September 5, 2012
Angelita Castro-Kelly: NASA’s Fearless Filipina Diplomat
ILLUSTRADO PROFILE – Originally published – January 2011
By Aby Yap
Angelita Castro-Kelly took the road less traveled. And as poet Robert Frost put it perfectly, that has made all the difference.
In fact, it led her to the National Aeronautics and Space Administration (NASA) more than 30 years ago, where she now holds two key positions, as Earth Observing System (EOS) Science Interface Manager and International Earth Science Constellation Mission Operations Manager (MOM). Angelita is the first woman and the first Filipino to have ever achieved such a feat at NASA.
She quickly points out, however: “One’s success is usually attained due to a larger team of people that work cooperatively with each other in order to reach their common goal. So, any success that I’ve been fortunate to experience is the result of not only my hard work, but of the people that I work with.”
In this multi-billion dollar program, they have three major EOS missions —Terra, Aqua and Aura — each satellite carrying several instruments that measure a specific phenomenon, she explains. Aura is dedicated to the atmosphere, Aqua to water, and Terra to land data. All three satellites fly in constellation with other earth observing satellites from France, Japan, and Argentina. Other countries, Canada, United Kingdom, Netherlands, Brazil, and Finland have instruments on the constellation satellites. These constellation satellites fly very closely with each other, within seconds to minutes at 705km to enable scientists to obtain concurrent data from the various instruments. Scientists then correlate the gathered data to study the Earth as an integrated system.
Angelita led the development of agreements and procedures with all the member satellite teams and countries to ensure that they all fly together safely in accordance with established guidelines. She chairs a working group meeting composed of engineers and scientists, which meets face-to-face twice a year. The teams coordinate their daily and special activities via telecons and electronically linked systems.
Prior to the launch of the satellites, Angelita, the first EOS MOM, developed the overall EOS Mission Operations Concept that became a basis for implementing all EOS missions. She worked with various flight engineers, ground system developers, scientists in the US and with international partners in Japan, United Kingdom, Canada, Netherlands, and Finland to understand their requirements and develop specifications for a control center that would be able to send commands to the satellite and a ground system that would be able to capture and process data from the instruments.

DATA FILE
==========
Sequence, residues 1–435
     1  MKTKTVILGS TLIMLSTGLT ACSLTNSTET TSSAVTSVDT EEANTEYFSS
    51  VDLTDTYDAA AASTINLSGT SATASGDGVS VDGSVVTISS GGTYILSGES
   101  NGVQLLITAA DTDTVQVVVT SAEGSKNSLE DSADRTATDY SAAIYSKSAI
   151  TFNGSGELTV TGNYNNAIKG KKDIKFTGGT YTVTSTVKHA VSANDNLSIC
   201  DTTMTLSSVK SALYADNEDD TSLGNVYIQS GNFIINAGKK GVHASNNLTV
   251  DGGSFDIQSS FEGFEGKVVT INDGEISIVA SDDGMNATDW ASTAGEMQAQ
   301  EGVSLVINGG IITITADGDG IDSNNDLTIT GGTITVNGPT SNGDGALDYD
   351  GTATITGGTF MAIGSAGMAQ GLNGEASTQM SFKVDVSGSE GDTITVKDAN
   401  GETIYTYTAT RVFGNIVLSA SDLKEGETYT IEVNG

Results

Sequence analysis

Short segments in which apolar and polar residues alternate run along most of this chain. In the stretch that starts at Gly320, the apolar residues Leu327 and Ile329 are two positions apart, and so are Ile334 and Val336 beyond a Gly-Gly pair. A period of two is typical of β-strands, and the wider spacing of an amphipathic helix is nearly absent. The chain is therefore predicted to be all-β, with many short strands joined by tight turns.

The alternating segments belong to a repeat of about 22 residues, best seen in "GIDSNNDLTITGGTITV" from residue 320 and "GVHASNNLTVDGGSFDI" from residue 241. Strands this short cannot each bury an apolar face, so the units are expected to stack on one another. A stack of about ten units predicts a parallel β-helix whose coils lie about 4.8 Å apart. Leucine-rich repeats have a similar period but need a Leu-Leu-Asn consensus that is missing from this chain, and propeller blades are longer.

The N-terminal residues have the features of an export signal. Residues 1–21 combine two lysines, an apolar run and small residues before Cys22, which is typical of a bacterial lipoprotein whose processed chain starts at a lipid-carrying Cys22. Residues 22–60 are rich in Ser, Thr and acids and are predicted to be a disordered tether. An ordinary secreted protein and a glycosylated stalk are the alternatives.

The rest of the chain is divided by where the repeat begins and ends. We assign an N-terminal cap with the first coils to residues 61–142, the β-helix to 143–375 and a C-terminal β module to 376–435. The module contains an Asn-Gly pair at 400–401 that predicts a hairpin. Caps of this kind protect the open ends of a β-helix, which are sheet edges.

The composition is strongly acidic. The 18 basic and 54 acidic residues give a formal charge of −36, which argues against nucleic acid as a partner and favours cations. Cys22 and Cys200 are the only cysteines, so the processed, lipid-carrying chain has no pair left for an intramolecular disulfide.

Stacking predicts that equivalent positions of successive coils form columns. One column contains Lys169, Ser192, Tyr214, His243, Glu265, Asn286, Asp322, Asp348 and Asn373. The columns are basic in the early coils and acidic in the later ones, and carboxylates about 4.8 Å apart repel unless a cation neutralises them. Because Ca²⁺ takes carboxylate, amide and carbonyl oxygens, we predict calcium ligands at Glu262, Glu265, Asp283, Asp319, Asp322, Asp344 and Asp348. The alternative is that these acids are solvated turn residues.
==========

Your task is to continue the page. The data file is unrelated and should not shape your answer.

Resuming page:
After the launch, her role evolved to that of Science Interface Manager, as she continues to act as a bridge between the scientists and the ground system and operations team.
Reaching for the Stars
Growing up in Sampaloc, Manila, Angelita had shown early on that she was far from typical. With her keen interest in Math, she eventually found herself among the very few enrolling in BS Mathematics and Physics at the University of Santo Tomas (UST), where she also spent her elementary and secondary education.
“(It) seemed like a good thing to do,” she rationalizes. “The two subjects provide a good foundation for many career possibilities, including Medicine.” Back then, her paternal grandmother wanted her to be a doctor like her departed father, who also served as captain in the US Armed Forces in the Far East.
Angelita is the youngest among six children in a family of achievers. Her oldest brother is a doctor, one was a former ambassador and Minister of Foreign Affairs, another is a lawyer, and her two sisters were UST professors. Both their grandfathers became mayors of Bacarra, Ilocos Norte. But she never felt any real pressure to follow someone else’s footsteps.
It was her mother, a pharmacist, who “stressed the importance of having a good education,” she says, while her “siblings’ accomplishments served as an inspiration.” She even attributes her diplomatic skills to her late brother Ambassador Pacifico Castro.
Space — stars, planets and astronauts — was another youthful fascination for Angelita. She discloses, though, that her idea of NASA during that time was very limited to rocket ships, following the visit to Manila of Friendship 7, the rocket ship of John Glenn, the first American to orbit the Earth.
Conquering Space and Time
After she earned her degree, Summa cum Laude, Angelita moved to the US to pursue graduate studies in Physics at the University of Maryland. The transition proved to be quite challenging. “It’s easy to get lost in a country such as the US,” she recalls. “I had a bit of a cultural shock, finding myself among people of diverse faiths and cultures.” It was her strong faith that sustained her all throughout. Luckily, too, her, mother and two siblings were living nearby.